other great 20th century composers: bartok, britten, vaughan williams, sibelius, barber, poulenc, satie, ligeti, janacek, lutoslawski, stravinsky, shall i continue? this is where music gets interesting, listen to them you’ll hear some of them sound completely different! that’s why i don’t want to list any from the present-era, because there are like 791 different things happening rn it’s hard to list even a good broad variety.
that’s my little ridiculously over-the-top excessive guide! i don’t think you’d really need to listen to all of these, just the ones that interest you. i hope this helps!
Piano Concerto No. 2 in F Minor, Op.21 - I. Maestoso
The Piano Concerto No. 2 in F minor, Op. 21, is a piano concerto composed by Frédéric Chopin in 1829. Chopin wrote the piece before he had finished his formal education, at around 20 years of age. It was first performed on 17 March 1830, in Warsaw, Poland, with the composer as soloist. It was the second of his piano concertos to be published (after the Piano Concerto No. 1), and so was designated as “No. 2”, even though it was written first.
Opening bars of Piano solo.
The work contains the three movements typical of instrumental concertos of the period:
Maestoso (F minor)
Larghetto (A flat major): a work of “undescribable beauty”,this music was inspired by Chopin’s distant idolization of Constantia Gladkowska. The main theme (the “A” section) is introduced by the piano after an orchestral introduction and is later repeated twice and again, at measure 82 (the start of the coda), is enhanced by the sublime entrance of the bassoon in canon, followed by the bassoon transitioning to a counter-melody.
Allegro vivace (F minor)
In the finale, the violins and violas are at one point instructed to play col legno (with the wood of the bow). For the piano, the final sections are regarded as extremely technically demanding.
London Symphony Orchestra conducted by André Previn
Soloist:Arthur Rubinstein.This is pure perfection. Chopin’s soul shines through in this performance.
Piano concerto N°2 in F major Op.102 - II. Andante
Paavo Berglund, Bournemouth Symphony Orchestra, Cristina Ortiz
Dmitri Dmitriyevich Shostakovich (1905-1975).
Shostakovich’s Piano Concerto No. 2 in F major, Op. 102, was composed in 1957 for his son Maxim’s 19th birthday. Maxim premiered the piece during his graduation at the Moscow Conservatory. It is an uncharacteristically cheerful piece, much more so than most of Shostakovich’s works.
This concerto is sometimes dismissed as one of the composer’s less important works, especially in comparison to some of the symphonies and string quartets. In a letter to Edison Denisov in mid-February 1957, barely a week after he had finished work on it, the composer himself wrote that the work had “no redeeming artistic merits”. It is suggested that the comment was actually meant to be tongue-in-cheek.
Despite the apparent simplistic nature of this concerto, the public has always regarded it warmly, and it stands as one of Shostakovich’s most popular pieces.
which classical music you would classify are bops,hits or bangerz? in my ignorant opinion i think spring is a banger bu idk
Oh good question! Obviously it’s all subjective. Spring is a banger but in my opinion I prefer playing and listening to a later piece in the same concerti set titled Winter.
As a general rule when dealing with concerto format you can always assume the first movement will have some really fun themes and get you interested, the second will be slow and contemplative, and the third will go the fuck OFF.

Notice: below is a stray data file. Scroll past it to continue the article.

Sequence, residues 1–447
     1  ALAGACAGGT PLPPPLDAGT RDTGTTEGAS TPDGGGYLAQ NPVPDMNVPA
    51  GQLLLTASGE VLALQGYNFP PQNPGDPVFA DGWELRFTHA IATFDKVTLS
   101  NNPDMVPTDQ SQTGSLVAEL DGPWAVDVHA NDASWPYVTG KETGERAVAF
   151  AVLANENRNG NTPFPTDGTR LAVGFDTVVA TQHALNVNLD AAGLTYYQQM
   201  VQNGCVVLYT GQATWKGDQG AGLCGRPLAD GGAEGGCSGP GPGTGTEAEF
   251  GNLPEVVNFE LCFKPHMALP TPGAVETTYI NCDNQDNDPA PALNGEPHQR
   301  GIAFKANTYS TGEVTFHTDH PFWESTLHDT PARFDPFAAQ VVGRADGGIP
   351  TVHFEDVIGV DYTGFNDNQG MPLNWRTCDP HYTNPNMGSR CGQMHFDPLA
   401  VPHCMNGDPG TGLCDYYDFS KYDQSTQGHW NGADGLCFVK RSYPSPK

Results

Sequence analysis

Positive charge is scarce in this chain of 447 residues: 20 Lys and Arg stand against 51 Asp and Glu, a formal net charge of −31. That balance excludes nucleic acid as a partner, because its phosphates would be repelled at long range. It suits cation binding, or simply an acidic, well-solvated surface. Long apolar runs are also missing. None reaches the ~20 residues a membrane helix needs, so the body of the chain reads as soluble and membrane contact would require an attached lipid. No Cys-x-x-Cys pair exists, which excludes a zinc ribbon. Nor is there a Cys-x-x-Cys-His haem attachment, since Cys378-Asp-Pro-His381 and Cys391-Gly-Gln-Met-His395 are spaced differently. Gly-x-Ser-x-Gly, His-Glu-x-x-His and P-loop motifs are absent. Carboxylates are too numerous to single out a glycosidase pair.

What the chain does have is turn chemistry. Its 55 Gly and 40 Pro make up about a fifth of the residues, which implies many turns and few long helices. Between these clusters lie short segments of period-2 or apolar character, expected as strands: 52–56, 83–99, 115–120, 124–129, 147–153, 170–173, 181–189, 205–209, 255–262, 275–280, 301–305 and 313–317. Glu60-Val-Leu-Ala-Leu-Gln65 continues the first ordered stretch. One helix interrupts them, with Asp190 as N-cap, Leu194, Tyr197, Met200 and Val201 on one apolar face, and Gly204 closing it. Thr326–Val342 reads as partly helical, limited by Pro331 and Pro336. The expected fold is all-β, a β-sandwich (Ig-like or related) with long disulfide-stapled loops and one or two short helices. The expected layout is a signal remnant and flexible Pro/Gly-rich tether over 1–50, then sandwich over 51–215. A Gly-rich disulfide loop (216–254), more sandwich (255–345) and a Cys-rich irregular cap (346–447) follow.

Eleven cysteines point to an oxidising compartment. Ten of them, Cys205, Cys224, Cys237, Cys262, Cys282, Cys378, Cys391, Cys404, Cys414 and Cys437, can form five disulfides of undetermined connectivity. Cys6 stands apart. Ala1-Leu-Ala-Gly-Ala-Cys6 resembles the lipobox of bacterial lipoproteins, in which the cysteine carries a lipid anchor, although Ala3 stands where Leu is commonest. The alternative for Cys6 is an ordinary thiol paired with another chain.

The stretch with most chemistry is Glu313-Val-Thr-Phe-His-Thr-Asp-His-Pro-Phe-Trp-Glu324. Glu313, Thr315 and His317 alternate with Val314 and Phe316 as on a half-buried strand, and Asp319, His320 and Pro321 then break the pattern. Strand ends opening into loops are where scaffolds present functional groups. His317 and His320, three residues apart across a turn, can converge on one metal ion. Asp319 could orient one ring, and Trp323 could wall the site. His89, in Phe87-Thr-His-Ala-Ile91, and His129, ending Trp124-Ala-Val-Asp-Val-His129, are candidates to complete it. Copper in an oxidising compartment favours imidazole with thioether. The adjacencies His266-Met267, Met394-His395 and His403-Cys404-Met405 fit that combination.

- Holst’s Planets is an excellent collection. Jupiter is the common favorite, although I really love Mars because, once again, it’s dramatic. It also does some really innovative things musically, including having the strings play on the wood side of their bows for the intro
- Modest Mussorgsky’s collection “Pictures at an Exhibition” is filled with amazing stuff. You can close your eyes and go through and listen to each song as an individual story, which was the intent. For a taste of that, here’s Baba Yaga
- Aaron Copland in general is one of my absolute favorite composers/people. He wrote really beautiful music that symbolized the American Dream for people, back before that was a commercial concept. And he did it as a gay Jew. Fanfare for the Common Man is a really great example of that.
- Rhapsody in Blue by George Gershwin (Another all-time favorite and another great song for closing your eyes and picturing a story. Also captures a really unique blend of orchestral music and early jazz that only a Gershwin could)
- I don’t want to go too long and make this list unreadable, so the last piece I’ll name is Scherzo-Tarantella by Wieniawski. Generally considered one of the most difficult violin pieces out there, and the bane of my personal existence for months. It’s so tricky that I don’t even like Joshua Bell’s performance, which is sacrilege really. The video I’ve linked is one of the better ones I’ve ever seen - but you’ll have to forgive the expressions she makes as she plays, there’s really nothing you can do about your face when you’re trying to perform at that level.
Hope the list is helpful! I did err on the side of dramatic and loud, but in my opinion there’s a lot to be said for slower beautiful pieces, though they don’t catch you quite as quickly. Good listening!
Sooo here’s an untitled (edit: now with a title!) Billford drabble for @leukaraii as my contribution for the late Secret Santa event held in the Billford Discord chat. Happy late holidays or whatever the occasion is! =^^=
Rated mild M for (very mild) dubcon. Expect dialogue-driven penthouse shenanigans and Bill being meta af.
he said – hold on… He said… I said wait…”
been saying that for, like, five minutes already.”
“You-u shut up! Time is dead, I killed